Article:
Everything changes on a business trip to Amsterdam shortly after the ski weekend. Dylan is resigned to the awkward tension between him and Gabe, but determined to move on, he agrees to go out with a new acquaintance. When Gabe shows up and admits he followed them to the club, Dylan isn’t sure what’s happening. So Gabe makes his intentions crystal clear by grabbing and possessively kissing him, and Dylan ignores the voice in his head telling him this is a very bad idea and gives in to the thrill of once again having Gabe in his arms. The pair eventually make their way to Gabe’s hotel room and go after each other with abandon, the sex everything Dylan dreamed it might be. The following morning, desperate not to lose this sliver of connection with Gabe, he convinces him he’s willing to pursue a purely physical relationship with no attachment. Yep. Right. Well friends, although we view this story solely through Dylan’s starry eyes (except for an awesome epilogue), it’s clear these two are in love. But as the ‘relationship’ progresses, Dylan conceals his emotions – afraid to scare Gabe away – and Gabe…well, he can’t hide his affection for Dylan. But he tries. Hard. Really, sometimes he’s just a total dick. And eventually the relationship (aka sexfest) founders.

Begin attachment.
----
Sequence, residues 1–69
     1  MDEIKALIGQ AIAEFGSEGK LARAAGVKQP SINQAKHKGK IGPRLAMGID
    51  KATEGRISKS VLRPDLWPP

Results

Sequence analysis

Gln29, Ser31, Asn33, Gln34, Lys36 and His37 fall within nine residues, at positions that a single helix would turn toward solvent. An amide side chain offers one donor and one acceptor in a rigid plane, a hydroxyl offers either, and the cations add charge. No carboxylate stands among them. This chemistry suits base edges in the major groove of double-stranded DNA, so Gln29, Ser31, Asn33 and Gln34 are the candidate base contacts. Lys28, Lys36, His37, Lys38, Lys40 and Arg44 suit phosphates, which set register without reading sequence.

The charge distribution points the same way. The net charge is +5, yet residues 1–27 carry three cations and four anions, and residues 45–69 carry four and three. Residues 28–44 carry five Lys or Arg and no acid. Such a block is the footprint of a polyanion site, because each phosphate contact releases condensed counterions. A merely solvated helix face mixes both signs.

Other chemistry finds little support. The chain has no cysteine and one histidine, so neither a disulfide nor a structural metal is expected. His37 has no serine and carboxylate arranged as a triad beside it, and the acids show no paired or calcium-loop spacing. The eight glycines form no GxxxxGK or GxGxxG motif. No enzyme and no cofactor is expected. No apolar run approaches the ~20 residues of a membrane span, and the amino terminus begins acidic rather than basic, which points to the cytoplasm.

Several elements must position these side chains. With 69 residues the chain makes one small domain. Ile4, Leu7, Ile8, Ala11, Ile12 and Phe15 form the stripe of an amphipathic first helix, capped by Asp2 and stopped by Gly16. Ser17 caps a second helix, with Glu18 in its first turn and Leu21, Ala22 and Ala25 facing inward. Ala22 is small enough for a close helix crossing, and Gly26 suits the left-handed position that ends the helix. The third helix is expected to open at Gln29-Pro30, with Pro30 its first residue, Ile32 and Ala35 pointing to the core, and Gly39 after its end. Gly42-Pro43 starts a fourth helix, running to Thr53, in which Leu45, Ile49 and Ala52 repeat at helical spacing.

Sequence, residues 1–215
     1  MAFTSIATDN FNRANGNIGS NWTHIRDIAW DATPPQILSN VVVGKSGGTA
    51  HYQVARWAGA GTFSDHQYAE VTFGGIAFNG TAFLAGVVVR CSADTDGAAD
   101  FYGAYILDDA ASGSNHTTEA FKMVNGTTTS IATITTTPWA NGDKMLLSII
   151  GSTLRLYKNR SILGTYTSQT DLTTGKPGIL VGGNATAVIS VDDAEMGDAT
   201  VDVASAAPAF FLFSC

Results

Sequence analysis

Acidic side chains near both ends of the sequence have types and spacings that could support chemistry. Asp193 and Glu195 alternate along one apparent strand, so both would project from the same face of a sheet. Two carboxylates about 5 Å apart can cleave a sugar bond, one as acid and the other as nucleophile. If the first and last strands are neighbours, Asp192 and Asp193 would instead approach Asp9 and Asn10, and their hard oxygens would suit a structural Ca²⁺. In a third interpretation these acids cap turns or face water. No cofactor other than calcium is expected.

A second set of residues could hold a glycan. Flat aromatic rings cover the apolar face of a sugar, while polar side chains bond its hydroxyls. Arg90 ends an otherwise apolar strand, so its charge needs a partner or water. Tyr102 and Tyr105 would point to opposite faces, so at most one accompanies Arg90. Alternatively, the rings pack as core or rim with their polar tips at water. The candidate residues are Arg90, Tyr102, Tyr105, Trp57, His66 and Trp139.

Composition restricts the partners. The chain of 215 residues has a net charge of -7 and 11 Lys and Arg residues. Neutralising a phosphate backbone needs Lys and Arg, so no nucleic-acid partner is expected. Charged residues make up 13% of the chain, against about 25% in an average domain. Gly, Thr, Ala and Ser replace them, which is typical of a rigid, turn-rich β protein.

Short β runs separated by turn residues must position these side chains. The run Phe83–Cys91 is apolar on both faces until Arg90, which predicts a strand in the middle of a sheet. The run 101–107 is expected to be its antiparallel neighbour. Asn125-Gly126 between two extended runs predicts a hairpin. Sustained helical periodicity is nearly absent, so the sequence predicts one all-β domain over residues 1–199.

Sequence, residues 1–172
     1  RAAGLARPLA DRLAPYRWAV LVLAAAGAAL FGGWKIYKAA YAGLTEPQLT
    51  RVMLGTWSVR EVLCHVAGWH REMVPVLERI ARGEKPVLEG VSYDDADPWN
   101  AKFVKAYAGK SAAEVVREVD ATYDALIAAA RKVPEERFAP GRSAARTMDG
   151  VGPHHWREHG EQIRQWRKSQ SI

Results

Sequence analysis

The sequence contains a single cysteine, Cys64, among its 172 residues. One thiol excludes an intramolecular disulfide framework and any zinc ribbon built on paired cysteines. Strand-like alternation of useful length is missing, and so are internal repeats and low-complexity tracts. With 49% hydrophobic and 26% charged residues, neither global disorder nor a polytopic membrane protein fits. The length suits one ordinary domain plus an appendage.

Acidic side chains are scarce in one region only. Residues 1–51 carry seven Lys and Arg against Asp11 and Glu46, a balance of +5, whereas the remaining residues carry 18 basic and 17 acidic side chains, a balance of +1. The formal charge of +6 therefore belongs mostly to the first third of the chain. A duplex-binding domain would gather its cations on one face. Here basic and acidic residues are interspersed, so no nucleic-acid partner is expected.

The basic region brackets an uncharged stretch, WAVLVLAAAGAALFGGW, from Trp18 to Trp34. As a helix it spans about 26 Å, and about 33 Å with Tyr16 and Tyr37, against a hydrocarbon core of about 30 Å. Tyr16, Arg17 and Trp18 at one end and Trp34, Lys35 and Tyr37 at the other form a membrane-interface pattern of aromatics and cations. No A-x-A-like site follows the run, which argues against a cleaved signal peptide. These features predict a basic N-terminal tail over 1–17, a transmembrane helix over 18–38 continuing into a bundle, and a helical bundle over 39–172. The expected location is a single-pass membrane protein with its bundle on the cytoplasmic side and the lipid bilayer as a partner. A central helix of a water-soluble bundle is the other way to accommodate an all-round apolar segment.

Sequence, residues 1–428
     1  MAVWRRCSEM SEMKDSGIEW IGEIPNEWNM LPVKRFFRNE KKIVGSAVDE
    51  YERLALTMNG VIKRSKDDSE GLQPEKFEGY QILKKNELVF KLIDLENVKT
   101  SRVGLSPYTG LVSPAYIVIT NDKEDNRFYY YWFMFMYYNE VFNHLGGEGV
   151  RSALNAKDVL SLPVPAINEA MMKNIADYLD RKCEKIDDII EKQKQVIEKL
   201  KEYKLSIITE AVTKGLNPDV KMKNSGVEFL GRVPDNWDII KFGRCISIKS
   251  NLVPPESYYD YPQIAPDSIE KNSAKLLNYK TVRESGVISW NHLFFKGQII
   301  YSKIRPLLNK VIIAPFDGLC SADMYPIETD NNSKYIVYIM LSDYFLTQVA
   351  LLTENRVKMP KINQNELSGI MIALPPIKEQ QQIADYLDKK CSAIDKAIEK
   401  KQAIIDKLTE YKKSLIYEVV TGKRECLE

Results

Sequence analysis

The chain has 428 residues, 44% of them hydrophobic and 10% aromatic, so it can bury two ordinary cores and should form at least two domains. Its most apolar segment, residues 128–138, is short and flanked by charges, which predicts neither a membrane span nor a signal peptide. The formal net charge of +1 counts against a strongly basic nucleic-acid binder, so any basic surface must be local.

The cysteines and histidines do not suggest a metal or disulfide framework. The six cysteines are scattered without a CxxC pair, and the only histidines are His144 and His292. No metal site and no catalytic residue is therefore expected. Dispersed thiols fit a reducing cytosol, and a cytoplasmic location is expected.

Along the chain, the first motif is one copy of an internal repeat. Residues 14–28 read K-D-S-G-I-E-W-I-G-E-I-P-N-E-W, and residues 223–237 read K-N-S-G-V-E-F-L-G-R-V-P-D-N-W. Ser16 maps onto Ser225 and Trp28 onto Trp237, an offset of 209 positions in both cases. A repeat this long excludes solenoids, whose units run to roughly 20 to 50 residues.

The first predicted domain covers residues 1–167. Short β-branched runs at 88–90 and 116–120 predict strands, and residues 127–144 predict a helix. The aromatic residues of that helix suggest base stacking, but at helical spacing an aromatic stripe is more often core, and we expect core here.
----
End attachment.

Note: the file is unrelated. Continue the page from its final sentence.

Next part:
Dylan and Gabe are classic Morton characters: handsome and urbane, with a great sense of humor and excellent judges of character, interesting… Look friends, she writes appealing characters I want to spend time with. Initially, it doesn’t seem like these two would have much in common – but they do. And as the story unfolds, Ms. Morton doesn’t waste time illustrating how they can’t work – she instead shows us why they do in lots of little lovely vignettes that prove Gabe isn’t quite as smart as he thinks he is. I loved them together. Gabe has a lot of baggage to unpack; he’s fortunate to find Dylan, who loves him even when he’s at his most prickly. And when Gabe’s hang-ups inevitably get in the way, I cursed him whilst cheering for Dylan, who decides he deserves better and demands Gabe give it to him or hit the road. This story is alternately hot, hot, hot, frustrating, tender, and sweetly satisfying. Secondary characters are similarly likeable (except awful Fletcher) – especially Dylan’s family – and a sequence that takes place over Christmas is particularly lovely and memorable.
Joel Leslie is an excellent choice to bring this novel to life. His interpretation of both Gabe and Dylan is well-suited to the material, and he nails Ms. Morton’s gift for repartee – especially with this pair. Their banter is a highlight of the story and his performance is just as I imagined it whilst reading the novel. My only quibble is his portrayal of Jude, Dylan’s best friend, who plays a pivotal role in the story. I know this character well (he stars in book two, Deal Maker (my favorite in the series)), and Mr. Leslie’s version of Jude made him sound a bit too juvenile. Otherwise, however, it’s an excellent performance and that really is the only thing I disliked.
Rule Breaker features two men with very different ideas about love and companionship who spend so much time rationalizing why they shouldn’t be together, they nearly convince themselves they can’t be. Fortunately, a meddling friend and fate intervene, and they find their way back together. Sexy, funny, sweet and smart, Rule Breaker kicks off the Mixed Messages series with a bang, and Joel Leslie absolutely brings this story to life.
Breakdown of Grade: Narration: A Content: A
Running Time: 9 hours 32 minutes